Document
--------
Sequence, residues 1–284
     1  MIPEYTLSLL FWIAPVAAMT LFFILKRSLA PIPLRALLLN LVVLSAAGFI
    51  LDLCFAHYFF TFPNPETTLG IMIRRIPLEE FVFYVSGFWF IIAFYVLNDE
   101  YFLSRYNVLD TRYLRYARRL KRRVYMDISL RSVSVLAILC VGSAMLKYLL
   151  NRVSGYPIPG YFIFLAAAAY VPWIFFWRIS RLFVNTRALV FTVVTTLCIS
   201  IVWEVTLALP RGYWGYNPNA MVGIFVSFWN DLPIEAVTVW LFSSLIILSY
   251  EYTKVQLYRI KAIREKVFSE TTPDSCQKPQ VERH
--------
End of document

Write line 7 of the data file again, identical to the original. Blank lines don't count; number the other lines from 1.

   251  EYTKVQLYRI KAIREKVFSE TTPDSCQKPQ VERH